We waddle through our days following plans and reaching for goals. But just as we seem to be making headway, the unplanned disaster strikes, swooping down unannounced, and disrupting our progress. Those who skillfully navigate conflict succeed; those who don’t wither in frustration. Growing through conflict is our challenge. Once mastered, life flourishes.
Depending on our approach, we grow or shrink with these inevitable setbacks. We shouldn’t seek conflict; but should expect that conflicts will naturally arise, demanding additional resources and patience. During discomforting conflict, we must keep focused on goals, determining new paths, when necessary, to overcome nasty unplanned interference. Our approach molds the nature of the experience—for growth through conflicts or deterioration from the stress.
Life doesn’t conform to our wishes; no matter how noble those wishes. Our partner, children, friends, and coworkers shouldn’t be treated as pawns in our private game, forced to conform or be damned. They have their own plans, hopes and desires that need attention for their sense of purpose and well-being. We live amid others, with their own individual plans, our lives constantly bump and collide with the lives of others. Ignoring all plans except for our own, narrows our view and creates countless disappointments.
Self-focused, excluding the impact of others on experience, ignores the ever-present complexity of this living. To master life, achieving our intentions, we must successfully face obstacles and grow through conflict of different ideas, believes, and goals. If we refuse to see beyond our own hopes, we limit essential relationships. If we open our minds to accept our role in society as a part and not the whole, we broaden our views to creatively work through interpersonal conflicts. From this heightened perspective, we learn the art of compromise.
“No matter what kind of challenges or difficulties or painful situations you go through in your life, we all have something deep within us that we can reach down and find the inner strength to get through them.”~Alana Stewart
Conflict Creates Discomfort
Conflict—by its very nature—creates discomfort. We feel discomfort when plans, wants, or believes are challenged. The purpose of discomfort is to direct attention to the conflict. The goal isn’t to eliminate the conflict through manipulation or attack but to reconcile with the new demands. We adjust, adapting to a world that is not programmed to bow to our individual needs. This process makes growing through conflict possible.
We live in a vast universe that supports societies of people and countless living organisms. Frankly, we are not intelligent enough to run the universe, considering the complexity and the impact of each choice, if everything flowed to our wishes, I suspect the universe would cease to exist in short order. The force of others and nature keep us in check.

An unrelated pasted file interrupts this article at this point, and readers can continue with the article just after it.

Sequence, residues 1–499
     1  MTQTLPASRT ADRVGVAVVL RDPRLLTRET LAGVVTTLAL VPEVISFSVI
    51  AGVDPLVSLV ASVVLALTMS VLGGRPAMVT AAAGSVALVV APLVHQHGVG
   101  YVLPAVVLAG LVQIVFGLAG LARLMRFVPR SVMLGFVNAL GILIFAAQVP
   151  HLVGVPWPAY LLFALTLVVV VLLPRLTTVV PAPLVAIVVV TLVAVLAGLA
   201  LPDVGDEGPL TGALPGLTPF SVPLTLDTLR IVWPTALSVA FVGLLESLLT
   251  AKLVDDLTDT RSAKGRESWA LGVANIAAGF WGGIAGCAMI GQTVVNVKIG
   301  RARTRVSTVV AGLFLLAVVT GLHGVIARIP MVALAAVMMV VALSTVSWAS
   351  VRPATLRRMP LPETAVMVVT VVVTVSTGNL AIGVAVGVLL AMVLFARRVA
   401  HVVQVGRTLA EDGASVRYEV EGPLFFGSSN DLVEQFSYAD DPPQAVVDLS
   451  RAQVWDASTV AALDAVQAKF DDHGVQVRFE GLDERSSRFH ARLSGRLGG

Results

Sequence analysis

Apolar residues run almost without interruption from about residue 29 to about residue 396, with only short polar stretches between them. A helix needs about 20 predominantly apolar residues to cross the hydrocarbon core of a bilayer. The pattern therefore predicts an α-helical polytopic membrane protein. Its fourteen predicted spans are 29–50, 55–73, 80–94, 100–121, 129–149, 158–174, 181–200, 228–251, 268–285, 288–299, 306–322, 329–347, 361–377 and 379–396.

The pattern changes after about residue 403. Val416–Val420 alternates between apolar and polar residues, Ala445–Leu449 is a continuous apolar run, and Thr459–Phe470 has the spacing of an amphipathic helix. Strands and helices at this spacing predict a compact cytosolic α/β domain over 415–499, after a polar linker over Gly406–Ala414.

Stress and Growing Through Conflict
Conflict causes stress, which makes our bodies produce a hormone called adrenaline. This hormone makes us more alert and responsive. However, it also draws attention on quick fixes to conflict, even when those simple solutions might harm long-term goals. When we switch into survival mode, we ignore the bigger picture.
Brenda Gregory Dawes wrote that “everyday stress can throw you into an energy crisis if it is not recognized and managed” (1999). If we are to survive conflict, we need effective coping mechanisms to calm the stress, bring cognition back into the equation, and move forward with a wise mind rather than reactive fear and harmful reactive aggressions.
“People can indeed grow from adversity. They can become stronger, improve the quality of their relationships and increase their self-esteem. But it probably doesn’t happen nearly as often as most people and some researchers believe.”~Eranda Jayawickreme and Frank J. Infurna
Conflict and Avoidance
Many avoid conflict. The discomfort provokes overwhelming anxieties. Instead of risking the intrusion of unplanned challenges, they conform. But avoiding discomfort limits experience, discounting personal fulfillment of improvement to the humble following of what society or a partner determines is best. Sometimes conformity is good; other times limiting—or even destructive.
Managing the difficulties of balancing our own needs with the needs of others requires us to think more deeply about our own beliefs, thoughts, and actions. Our deepening understanding of self then helps us expand our knowledge so we can understand the different perspectives of others. This means being open to change and learning how to calm our worries as we navigate through uncertain and unexpected situations.
“We adjust, adapting to a world that is not programmed to bow to our individual needs.“~T. Franklin Murphy
A new skill of human interaction is needed. When another person’s plans block our path, instead of arguing, we should try to understand their point of view, their purpose, and their goal. Our reactions largely determines whether we succeed or fail. Growing through conflict is not only possible, but necessary for a flourishing life. We should remember that we are just a very small part of a vast cosmic universe. How we fit in and navigate through conflicts is what life is all about.
Gregory Dawes, Brenda (1999). Harnessing energy to overcome conflict. AORN Journal, 70(4), 562-566.